Pet Peeves in “The Lucky Country”
Often, being born in a particular nation means we are, either wittingly or unwittingly, more critical and judgmental of it. It also means we can be more prone to blind jingoism, but anyone who knows me well would know that I fall in to the first category, not the second.
Here is the list of things that drive me mad about the place where I was born; the things that, when I arrive at the departure gate at an airport, make me roll my eyes and say “yep, that’s the flight bound for Australia”. These are the things that, when I’m in Australia, make me sigh and for a moment think that maybe I’m in the wrong place.
1. Complicated get-togethers
I do get the feeling that it wasn’t always like this – that once upon a time, it was easy to organise an outing with friends. In fact, it mightn’t have even been organised. But that, if it was ever the case, was way before my time. Now, we can’t go to that cafe because Cathy heard that their food is nothing special, and this restaurant is a bit low-rent, don’t you think we could do better than that? What about seeing that new movie? Nah but Mike heard it has bad reviews, and Pete isn’t really into American films, so we can’t go to that other film that’s out…
2. Semblance of civil duty – or people not minding their own business
My brother, age 13 at the time, once sat on a coin-operated kiddie motion ride in a Sydney shopping mall. He was fooling around, not doing anything rough, reckless or dangerous, but just being a typical 13-year-old. Both my mother (who was present) I and laughed, until some old tart went out of her way to comment; “Don’t you think you’re too old for that?” Apparently, he didn’t. Or maybe he did, and that’s why it was a bit silly. Either way, we didn’t ask for her opinion. I could list a zillion examples of this type of thing if I had bothered to dwell on them. “Don’t you think you should mind your own business?”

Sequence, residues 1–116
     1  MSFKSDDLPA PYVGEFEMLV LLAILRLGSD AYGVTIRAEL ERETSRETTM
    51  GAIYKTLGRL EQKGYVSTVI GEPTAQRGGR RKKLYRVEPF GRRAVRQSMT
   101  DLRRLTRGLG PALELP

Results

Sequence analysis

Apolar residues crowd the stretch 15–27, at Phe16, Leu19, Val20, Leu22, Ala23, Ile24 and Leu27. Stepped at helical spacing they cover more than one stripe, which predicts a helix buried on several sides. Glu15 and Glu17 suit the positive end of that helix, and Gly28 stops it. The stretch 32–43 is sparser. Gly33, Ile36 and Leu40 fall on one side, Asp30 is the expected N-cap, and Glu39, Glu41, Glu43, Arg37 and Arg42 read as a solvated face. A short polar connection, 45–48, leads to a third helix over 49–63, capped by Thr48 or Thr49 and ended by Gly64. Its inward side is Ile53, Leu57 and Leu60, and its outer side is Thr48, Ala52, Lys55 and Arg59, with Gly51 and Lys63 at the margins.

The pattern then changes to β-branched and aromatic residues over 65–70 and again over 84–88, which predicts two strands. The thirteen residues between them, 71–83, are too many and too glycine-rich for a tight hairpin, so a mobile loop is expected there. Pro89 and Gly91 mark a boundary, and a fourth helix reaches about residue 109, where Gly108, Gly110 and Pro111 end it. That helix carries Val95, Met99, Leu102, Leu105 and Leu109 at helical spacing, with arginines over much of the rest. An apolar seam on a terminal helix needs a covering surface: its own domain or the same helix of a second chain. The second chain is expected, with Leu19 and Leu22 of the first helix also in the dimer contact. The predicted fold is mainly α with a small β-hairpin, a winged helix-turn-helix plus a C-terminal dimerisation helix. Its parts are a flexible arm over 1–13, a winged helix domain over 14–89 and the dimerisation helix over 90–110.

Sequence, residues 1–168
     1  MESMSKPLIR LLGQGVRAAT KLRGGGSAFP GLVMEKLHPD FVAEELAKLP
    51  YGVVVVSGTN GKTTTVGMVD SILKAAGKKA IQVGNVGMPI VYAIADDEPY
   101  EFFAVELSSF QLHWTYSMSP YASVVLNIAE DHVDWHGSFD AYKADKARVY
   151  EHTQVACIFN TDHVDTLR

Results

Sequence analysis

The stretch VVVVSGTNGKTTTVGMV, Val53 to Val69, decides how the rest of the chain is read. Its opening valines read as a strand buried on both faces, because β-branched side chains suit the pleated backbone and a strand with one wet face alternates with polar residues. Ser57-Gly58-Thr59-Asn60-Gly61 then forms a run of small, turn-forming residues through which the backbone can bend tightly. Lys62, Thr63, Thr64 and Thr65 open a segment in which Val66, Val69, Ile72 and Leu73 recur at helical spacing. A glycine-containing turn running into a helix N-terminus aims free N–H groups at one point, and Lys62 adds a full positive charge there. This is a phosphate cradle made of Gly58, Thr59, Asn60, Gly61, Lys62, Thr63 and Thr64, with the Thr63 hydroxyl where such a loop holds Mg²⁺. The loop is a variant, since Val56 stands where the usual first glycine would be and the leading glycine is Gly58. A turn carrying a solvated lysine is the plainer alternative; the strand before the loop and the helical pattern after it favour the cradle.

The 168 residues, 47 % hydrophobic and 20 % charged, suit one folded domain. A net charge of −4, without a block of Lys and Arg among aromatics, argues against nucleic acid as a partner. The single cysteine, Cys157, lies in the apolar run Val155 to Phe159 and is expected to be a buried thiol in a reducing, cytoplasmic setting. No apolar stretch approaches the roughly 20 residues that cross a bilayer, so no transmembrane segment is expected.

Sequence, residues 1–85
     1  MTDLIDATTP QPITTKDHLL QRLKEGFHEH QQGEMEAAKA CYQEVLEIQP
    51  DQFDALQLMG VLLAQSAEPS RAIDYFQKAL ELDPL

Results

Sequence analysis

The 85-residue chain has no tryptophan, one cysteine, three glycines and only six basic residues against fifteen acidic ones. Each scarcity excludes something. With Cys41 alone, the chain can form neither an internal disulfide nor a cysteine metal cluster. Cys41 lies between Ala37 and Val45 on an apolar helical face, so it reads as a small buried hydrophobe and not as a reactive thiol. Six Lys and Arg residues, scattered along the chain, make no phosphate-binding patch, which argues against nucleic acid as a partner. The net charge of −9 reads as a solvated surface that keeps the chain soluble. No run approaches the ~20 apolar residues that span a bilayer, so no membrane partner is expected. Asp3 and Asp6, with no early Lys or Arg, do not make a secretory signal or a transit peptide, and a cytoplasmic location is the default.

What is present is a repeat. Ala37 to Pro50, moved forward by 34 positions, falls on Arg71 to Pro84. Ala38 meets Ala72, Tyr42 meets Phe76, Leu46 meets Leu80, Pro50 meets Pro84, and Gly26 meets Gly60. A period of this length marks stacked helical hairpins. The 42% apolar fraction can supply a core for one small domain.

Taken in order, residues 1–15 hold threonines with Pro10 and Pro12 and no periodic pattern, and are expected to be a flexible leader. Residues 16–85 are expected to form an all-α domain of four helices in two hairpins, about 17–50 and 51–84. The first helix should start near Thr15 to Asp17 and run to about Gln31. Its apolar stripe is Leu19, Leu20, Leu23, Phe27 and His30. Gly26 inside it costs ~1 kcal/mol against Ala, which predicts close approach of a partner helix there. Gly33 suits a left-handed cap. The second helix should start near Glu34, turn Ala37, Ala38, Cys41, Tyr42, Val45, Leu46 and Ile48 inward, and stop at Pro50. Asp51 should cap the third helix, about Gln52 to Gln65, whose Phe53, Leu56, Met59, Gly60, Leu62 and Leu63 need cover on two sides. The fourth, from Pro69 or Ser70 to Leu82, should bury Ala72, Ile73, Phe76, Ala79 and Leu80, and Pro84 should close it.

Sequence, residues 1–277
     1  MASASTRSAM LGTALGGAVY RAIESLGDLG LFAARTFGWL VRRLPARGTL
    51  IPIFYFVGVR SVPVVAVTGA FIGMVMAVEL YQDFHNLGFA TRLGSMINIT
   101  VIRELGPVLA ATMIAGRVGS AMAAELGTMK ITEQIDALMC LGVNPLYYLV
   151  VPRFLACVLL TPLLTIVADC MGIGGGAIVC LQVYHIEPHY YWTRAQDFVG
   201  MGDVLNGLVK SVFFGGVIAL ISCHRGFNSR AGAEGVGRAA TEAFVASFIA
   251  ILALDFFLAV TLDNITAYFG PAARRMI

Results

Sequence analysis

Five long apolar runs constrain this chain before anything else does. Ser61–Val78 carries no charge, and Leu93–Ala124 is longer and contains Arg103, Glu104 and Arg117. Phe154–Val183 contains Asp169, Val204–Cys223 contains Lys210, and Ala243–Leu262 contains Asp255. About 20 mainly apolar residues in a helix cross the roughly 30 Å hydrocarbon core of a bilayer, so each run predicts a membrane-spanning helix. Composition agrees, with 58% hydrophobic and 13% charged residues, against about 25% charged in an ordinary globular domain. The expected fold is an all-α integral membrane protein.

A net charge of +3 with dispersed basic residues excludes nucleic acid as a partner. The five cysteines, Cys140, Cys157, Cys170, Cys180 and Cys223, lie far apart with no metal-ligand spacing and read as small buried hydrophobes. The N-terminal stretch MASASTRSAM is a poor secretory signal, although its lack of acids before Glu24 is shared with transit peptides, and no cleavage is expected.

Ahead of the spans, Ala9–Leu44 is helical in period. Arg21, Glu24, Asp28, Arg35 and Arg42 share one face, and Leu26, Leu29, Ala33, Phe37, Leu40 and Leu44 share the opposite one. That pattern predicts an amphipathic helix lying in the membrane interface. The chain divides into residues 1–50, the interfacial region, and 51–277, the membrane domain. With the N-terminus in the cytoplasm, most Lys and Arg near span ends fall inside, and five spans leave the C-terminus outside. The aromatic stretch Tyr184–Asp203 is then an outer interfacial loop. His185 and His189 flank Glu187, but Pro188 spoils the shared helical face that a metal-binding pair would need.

3. Obsessed with rules and regulations
If Australia was a character in and erotica novel, it would probably be bound up in red tape. Australians seem to love rules and regulations; especially procedures if things go wrong. Hurt your hand at work? With your injured hand, write an incident report – it’ll make you feel better, and it keeps someone employed. And you’ll still have an injured hand. While people complain about rules and procedures like this, I get the feeling many people secretly believe this is what differentiates them from the “uncivilised world”.
4. White saviour industrial complex
Even in today’s multicultural Australia, people talk to anyone without white skin with a well-meaning sense of pity. It seems racism is to hate Asians, while ethic conduct is to help them. While colonialism might be almost over, the mindset that other races need saving is still there. I’m not qualified to speak on behalf of other races, but the impression I get from many is that they would rather just be left alone. The above Western Sydney University advertisement is a moving story, but the telling of it is riddled with White Saviour Industrial Complex.
5. Freaks in the streets